By Tess Holliday
I was the first size-22 model to be signed with a major agency. We still need to see more women of all shapes, sizes, and races reflected in the media — so everyone can recognize their own worth.
always joke that Miss Piggy was my role model growing up — but it’s actually
true. There weren’t many women out there that I could look up to who were
overweight, confident, and unapologetically glamorous the way she was. And for
many women, finding a hero in pop culture who looks like them is still a
struggle: 69% of women
agree that they don’t see themselves reflected in advertisements, movies, or television.
I’m part of one of those under-represented, unseen groups: plus-size women. And I’m incredibly proud to be the first woman of my size (size 22) to be signed to a major modeling agency, and recognize that it was a milestone for an industry that is typically focused on thinness.
But right now, even in the plus-size part
of the modeling world, there isn’t a ton of diversity in body shapes. Most
plus-size models are taller than 5'8”, a size 10 or 12, and have an hourglass
shape. Where are the other bodies with the shape of a blueberry, like mine? And
where are the women with small busts or small butts?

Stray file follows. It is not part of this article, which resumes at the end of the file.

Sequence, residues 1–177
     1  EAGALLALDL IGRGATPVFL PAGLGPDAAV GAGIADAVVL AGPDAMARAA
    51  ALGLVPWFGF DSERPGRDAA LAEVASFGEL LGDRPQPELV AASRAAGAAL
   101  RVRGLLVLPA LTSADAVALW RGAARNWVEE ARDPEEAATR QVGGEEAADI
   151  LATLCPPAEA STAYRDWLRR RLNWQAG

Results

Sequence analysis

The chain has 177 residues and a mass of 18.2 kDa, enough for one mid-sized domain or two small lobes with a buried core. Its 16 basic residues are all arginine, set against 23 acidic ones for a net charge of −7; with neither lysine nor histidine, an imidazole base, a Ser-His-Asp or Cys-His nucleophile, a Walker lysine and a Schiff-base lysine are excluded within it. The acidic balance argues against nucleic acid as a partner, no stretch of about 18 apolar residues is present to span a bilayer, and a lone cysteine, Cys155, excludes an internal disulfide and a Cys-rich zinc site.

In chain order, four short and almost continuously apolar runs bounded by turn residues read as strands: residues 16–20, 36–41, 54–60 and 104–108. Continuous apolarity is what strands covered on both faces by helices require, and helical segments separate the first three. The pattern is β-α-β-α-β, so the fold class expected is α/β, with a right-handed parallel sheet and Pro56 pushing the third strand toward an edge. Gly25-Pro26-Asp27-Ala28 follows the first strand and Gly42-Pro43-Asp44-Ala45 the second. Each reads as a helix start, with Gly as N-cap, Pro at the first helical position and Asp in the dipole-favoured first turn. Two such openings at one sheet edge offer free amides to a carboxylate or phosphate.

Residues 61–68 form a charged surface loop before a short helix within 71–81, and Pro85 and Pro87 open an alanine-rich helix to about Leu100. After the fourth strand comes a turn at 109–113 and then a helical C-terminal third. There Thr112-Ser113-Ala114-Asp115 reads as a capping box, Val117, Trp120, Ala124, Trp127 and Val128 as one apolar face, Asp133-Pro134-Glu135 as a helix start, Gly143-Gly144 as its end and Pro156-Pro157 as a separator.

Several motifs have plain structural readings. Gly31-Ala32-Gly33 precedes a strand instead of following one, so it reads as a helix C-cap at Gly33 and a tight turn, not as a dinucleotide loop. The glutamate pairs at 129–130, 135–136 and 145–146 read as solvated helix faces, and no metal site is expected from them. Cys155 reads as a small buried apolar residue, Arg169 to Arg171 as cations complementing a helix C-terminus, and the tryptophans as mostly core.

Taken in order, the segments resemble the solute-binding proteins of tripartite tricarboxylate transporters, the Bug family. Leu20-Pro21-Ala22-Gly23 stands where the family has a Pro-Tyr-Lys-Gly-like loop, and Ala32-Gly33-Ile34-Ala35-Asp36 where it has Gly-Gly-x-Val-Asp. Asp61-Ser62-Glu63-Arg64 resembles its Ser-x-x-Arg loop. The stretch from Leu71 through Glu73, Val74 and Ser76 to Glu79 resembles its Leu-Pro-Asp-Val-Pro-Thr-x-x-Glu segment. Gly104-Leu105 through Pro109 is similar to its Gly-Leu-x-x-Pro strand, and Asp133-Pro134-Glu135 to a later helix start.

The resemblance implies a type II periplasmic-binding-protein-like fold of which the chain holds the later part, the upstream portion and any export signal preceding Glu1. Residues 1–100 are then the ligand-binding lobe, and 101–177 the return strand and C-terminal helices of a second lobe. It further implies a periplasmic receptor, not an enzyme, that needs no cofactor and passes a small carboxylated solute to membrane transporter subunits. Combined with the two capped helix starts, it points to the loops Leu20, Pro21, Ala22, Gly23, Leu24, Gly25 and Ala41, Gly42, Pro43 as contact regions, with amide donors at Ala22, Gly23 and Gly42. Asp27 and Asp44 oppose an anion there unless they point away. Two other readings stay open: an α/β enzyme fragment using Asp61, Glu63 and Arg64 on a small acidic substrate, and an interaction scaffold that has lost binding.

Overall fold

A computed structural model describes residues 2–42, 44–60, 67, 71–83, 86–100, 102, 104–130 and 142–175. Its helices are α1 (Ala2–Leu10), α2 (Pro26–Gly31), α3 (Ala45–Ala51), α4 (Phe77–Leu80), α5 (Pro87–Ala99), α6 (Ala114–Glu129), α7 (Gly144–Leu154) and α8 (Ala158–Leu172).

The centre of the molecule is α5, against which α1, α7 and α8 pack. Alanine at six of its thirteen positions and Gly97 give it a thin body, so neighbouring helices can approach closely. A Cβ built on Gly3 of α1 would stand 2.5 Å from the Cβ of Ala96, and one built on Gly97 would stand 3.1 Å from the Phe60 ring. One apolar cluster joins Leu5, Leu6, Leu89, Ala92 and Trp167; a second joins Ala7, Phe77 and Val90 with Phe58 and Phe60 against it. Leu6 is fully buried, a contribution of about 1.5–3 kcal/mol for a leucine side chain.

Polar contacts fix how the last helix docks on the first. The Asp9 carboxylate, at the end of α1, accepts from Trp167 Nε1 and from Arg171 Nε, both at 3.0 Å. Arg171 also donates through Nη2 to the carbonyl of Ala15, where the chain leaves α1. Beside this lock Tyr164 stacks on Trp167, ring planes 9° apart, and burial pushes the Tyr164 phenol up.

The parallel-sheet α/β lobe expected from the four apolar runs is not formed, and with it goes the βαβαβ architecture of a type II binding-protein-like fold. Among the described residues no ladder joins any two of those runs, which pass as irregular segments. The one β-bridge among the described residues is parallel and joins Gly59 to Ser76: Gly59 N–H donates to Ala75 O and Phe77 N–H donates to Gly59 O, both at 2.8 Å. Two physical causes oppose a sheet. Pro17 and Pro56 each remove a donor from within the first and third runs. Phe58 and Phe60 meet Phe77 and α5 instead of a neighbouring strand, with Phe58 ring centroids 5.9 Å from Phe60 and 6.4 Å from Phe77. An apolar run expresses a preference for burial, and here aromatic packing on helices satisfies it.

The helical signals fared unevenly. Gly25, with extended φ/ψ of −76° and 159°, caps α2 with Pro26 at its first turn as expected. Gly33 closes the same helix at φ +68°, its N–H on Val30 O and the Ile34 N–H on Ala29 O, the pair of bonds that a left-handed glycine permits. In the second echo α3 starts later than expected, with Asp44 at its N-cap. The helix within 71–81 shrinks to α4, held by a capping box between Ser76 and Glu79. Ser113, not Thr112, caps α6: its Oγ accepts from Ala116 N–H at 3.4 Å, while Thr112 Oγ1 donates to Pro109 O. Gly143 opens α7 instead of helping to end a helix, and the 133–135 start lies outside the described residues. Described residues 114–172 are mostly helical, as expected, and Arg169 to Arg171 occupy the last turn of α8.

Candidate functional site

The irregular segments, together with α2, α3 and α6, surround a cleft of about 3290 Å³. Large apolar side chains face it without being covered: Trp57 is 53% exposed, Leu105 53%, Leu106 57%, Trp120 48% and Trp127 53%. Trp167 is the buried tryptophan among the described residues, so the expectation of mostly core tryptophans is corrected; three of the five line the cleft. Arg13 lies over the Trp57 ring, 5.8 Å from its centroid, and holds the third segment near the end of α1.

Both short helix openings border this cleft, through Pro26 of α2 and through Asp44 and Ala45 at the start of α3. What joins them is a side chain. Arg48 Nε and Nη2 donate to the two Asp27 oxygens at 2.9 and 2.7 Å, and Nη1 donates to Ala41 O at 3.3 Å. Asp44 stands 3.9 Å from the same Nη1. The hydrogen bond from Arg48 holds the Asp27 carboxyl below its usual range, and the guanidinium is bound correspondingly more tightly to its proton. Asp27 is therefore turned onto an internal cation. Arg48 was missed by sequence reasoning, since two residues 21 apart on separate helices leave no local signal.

Change will only come, to models and beyond, if women keep demanding it. 74% of women told Dove researchers they believe more needs to be done to change the definition of beauty to be more inclusive, especially of different sizes and shapes.
I agree that this is crucial. When a person who’s struggling with body image issues sees someone who looks like them in a movie, in an advertising campaign, or being celebrated on social media, it’s like they get their own stamp of approval. They start to know their own power and importance. Cathleen Meredith, the woman behind the Fat Girls Dance movement, is one person standing up for proud body diversity: In her video for Real Beauty Productions, she encourages women of all sizes to dance uninhibitedly.
It’s so important to show
plus-size women doing things that we’re told we can’t or shouldn’t do, without
In the meantime, for anyone out there fighting the body image battle, remember that body positivity is not a destination, it’s a journey. I still have days when I look in the mirror and I don’t feel great. My second child is one year old, and as I write in my new book, "The Not So Subtle Art of Being A Fat Girl: Loving the Skin You’re In," I’m still trying to relearn to how to love myself. But I always remind myself — and now, all of you: Everyone deserves to feel loved and beautiful.
Tess Holliday is the plus-size supermodel behind the
#effyourbeautystandards body positivity movement and author of "The Not So Subtle Art
of Being A Fat Girl: Loving the Skin You're In" (Welden Owen), available in September 2017.